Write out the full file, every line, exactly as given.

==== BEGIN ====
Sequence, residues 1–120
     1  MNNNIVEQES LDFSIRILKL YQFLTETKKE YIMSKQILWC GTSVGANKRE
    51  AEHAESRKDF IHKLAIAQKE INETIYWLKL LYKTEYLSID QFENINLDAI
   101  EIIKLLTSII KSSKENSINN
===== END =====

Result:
Sequence, residues 1–120
     1  MNNNIVEQES LDFSIRILKL YQFLTETKKE YIMSKQILWC GTSVGANKRE
    51  AEHAESRKDF IHKLAIAQKE INETIYWLKL LYKTEYLSID QFENINLDAI
   101  EIIKLLTSII KSSKENSINN